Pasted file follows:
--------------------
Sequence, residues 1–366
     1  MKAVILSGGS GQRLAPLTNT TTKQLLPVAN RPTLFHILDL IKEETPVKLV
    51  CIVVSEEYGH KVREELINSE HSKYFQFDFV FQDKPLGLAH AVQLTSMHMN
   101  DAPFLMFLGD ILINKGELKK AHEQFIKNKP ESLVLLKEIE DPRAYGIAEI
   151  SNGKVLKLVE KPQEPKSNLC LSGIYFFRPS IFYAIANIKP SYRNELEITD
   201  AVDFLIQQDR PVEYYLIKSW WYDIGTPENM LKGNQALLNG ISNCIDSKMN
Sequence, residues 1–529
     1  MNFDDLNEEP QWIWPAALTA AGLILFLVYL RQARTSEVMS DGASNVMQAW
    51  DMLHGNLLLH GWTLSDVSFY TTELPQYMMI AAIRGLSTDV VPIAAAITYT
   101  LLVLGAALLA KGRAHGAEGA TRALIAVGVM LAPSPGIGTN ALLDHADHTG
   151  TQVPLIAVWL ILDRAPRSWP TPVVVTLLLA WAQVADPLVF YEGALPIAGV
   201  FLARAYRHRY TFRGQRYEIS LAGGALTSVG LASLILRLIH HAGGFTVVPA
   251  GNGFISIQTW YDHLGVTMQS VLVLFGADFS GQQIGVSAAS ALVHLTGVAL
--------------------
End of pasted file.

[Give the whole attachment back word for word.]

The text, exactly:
Sequence, residues 1–366
     1  MKAVILSGGS GQRLAPLTNT TTKQLLPVAN RPTLFHILDL IKEETPVKLV
    51  CIVVSEEYGH KVREELINSE HSKYFQFDFV FQDKPLGLAH AVQLTSMHMN
   101  DAPFLMFLGD ILINKGELKK AHEQFIKNKP ESLVLLKEIE DPRAYGIAEI
   151  SNGKVLKLVE KPQEPKSNLC LSGIYFFRPS IFYAIANIKP SYRNELEITD
   201  AVDFLIQQDR PVEYYLIKSW WYDIGTPENM LKGNQALLNG ISNCIDSKMN
Sequence, residues 1–529
     1  MNFDDLNEEP QWIWPAALTA AGLILFLVYL RQARTSEVMS DGASNVMQAW
    51  DMLHGNLLLH GWTLSDVSFY TTELPQYMMI AAIRGLSTDV VPIAAAITYT
   101  LLVLGAALLA KGRAHGAEGA TRALIAVGVM LAPSPGIGTN ALLDHADHTG
   151  TQVPLIAVWL ILDRAPRSWP TPVVVTLLLA WAQVADPLVF YEGALPIAGV
   201  FLARAYRHRY TFRGQRYEIS LAGGALTSVG LASLILRLIH HAGGFTVVPA
   251  GNGFISIQTW YDHLGVTMQS VLVLFGADFS GQQIGVSAAS ALVHLTGVAL